WASHINGTON — A Justice Department-led task force reviewing interrogation policy is leaning toward the creation of a small, specialized unit to question without the use of coercion any future high-value terrorism suspects captured by the United States, according to administration officials. The unit would draw personnel from intelligence, military and law enforcement agencies.
President Barack Obama ordered an interagency review of interrogation policy in January. The task force, led by a federal prosecutor steeped in national security issues, was charged with determining whether interrogation guidelines in the Army Field Manual are sufficient for other agencies, such as the CIA, that may capture and question suspects outside the United States.
The task force is scheduled to present preliminary recommendations to the White House this week. An administration official said it has yet to be determined which specific interrogation techniques might be allowed and how new, noncoercive techniques might be developed. Administration officials spoke to the Washington Post on the condition of anonymity because the task force has not reported to the president and because its deliberations are private.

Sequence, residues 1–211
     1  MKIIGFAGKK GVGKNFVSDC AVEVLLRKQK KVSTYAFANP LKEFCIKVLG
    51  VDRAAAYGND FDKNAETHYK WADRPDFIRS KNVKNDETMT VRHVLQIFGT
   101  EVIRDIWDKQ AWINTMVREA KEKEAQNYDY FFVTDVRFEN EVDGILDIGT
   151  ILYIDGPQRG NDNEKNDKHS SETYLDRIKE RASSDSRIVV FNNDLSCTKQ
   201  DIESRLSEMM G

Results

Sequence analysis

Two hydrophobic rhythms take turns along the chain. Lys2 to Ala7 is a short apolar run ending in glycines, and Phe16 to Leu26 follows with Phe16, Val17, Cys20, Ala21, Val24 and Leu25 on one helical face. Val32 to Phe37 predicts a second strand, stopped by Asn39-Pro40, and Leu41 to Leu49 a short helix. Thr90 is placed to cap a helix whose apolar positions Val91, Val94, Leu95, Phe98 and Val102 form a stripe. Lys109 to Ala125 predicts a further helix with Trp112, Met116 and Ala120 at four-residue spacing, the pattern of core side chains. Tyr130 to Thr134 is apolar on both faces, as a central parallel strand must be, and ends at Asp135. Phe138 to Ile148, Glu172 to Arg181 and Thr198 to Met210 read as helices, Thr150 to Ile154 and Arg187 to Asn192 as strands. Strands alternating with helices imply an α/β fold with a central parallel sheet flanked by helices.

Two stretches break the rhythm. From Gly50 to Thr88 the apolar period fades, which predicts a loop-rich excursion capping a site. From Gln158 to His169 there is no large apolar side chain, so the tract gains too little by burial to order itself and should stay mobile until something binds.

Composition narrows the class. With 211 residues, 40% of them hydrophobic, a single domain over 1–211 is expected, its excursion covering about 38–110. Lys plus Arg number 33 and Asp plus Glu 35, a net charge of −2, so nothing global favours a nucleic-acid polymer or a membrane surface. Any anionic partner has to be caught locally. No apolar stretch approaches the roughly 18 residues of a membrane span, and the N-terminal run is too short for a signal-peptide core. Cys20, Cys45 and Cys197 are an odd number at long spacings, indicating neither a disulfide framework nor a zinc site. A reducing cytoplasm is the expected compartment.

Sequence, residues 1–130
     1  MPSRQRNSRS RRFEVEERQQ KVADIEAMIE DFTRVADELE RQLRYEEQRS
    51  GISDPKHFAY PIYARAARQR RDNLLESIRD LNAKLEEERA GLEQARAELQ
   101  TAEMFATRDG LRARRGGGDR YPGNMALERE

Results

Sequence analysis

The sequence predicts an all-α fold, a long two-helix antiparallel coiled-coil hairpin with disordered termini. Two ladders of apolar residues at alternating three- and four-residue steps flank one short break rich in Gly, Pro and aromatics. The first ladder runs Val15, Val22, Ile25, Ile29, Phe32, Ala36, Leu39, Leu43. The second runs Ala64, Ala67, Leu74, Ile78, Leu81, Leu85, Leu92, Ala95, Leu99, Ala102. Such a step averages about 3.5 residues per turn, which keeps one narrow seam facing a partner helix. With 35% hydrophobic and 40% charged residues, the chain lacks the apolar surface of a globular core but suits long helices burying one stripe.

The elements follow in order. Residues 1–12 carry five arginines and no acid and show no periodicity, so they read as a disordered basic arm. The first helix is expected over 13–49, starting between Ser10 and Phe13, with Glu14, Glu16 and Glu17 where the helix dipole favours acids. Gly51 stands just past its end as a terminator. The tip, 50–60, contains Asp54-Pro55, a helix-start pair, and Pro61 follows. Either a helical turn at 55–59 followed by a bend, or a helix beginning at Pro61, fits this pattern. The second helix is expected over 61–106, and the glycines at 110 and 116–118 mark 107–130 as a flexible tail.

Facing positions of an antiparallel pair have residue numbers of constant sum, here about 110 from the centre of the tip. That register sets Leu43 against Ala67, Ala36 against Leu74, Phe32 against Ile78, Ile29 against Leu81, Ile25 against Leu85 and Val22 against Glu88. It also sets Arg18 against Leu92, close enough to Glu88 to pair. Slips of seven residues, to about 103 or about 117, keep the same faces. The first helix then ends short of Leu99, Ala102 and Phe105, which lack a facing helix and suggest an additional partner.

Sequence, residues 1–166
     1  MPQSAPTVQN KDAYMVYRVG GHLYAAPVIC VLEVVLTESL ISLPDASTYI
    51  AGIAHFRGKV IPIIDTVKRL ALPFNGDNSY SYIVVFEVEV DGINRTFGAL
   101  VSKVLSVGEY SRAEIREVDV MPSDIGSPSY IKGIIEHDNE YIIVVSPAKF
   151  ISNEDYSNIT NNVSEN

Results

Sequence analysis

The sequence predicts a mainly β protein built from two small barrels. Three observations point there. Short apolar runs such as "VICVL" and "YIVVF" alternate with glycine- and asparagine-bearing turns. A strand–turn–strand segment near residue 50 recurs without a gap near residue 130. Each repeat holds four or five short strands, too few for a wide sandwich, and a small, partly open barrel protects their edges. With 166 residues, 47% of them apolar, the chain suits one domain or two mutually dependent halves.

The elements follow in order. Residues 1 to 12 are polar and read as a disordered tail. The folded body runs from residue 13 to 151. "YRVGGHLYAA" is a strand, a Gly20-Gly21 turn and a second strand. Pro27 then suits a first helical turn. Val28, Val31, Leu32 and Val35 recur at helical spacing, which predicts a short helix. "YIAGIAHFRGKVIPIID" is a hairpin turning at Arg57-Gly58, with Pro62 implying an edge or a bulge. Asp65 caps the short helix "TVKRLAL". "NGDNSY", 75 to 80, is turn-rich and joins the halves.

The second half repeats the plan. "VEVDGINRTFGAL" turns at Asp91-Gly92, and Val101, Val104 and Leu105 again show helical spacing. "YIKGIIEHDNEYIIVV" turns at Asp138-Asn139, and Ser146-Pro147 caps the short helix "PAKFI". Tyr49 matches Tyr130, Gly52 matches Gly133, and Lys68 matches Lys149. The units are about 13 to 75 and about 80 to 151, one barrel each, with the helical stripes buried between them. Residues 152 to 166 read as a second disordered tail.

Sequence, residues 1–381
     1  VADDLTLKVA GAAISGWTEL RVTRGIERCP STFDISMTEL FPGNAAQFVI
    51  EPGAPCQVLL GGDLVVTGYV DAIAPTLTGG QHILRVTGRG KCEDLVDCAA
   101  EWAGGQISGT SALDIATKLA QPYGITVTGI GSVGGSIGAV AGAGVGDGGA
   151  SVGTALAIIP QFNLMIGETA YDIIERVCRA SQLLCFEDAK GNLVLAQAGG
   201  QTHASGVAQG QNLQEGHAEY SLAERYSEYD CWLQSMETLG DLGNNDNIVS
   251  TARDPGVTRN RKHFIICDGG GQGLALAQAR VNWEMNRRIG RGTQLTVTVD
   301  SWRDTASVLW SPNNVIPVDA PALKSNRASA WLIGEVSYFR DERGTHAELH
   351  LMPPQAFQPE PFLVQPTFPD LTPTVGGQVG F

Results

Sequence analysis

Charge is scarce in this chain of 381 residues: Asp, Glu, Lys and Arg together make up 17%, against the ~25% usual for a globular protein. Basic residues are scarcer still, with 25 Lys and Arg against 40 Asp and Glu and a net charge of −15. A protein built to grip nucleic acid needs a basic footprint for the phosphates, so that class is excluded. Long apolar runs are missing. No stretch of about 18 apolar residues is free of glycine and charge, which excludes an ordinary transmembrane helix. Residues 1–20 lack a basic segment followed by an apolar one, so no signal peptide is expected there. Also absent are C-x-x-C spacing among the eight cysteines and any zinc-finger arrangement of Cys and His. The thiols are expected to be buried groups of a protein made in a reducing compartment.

The new unit would probably mine suspects for actionable intelligence rather than for evidence to be used against them in criminal cases, one official said. But the task force is nonetheless considering how to preserve the ability to prosecute in some circumstances, the official said.
It is unclear who will lead the new unit and in which agency it will be housed, but an official familiar with the deliberations said that "based on where things stand now, the CIA isn't slated to be the lead on whatever plan is put into place."